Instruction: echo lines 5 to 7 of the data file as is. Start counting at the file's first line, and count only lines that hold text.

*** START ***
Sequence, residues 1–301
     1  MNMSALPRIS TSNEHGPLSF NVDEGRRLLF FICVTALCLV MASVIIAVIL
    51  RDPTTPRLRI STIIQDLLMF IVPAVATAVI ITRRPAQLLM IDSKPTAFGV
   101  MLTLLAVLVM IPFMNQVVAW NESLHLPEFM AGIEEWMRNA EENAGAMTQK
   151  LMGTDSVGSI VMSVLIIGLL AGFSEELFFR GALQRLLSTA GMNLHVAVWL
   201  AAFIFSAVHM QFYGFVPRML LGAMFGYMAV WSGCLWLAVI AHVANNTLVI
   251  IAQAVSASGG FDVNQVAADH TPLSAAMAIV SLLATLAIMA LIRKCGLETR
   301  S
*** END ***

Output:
   151  LMGTDSVGSI VMSVLIIGLL AGFSEELFFR GALQRLLSTA GMNLHVAVWL
   201  AAFIFSAVHM QFYGFVPRML LGAMFGYMAV WSGCLWLAVI AHVANNTLVI
   251  IAQAVSASGG FDVNQVAADH TPLSAAMAIV SLLATLAIMA LIRKCGLETR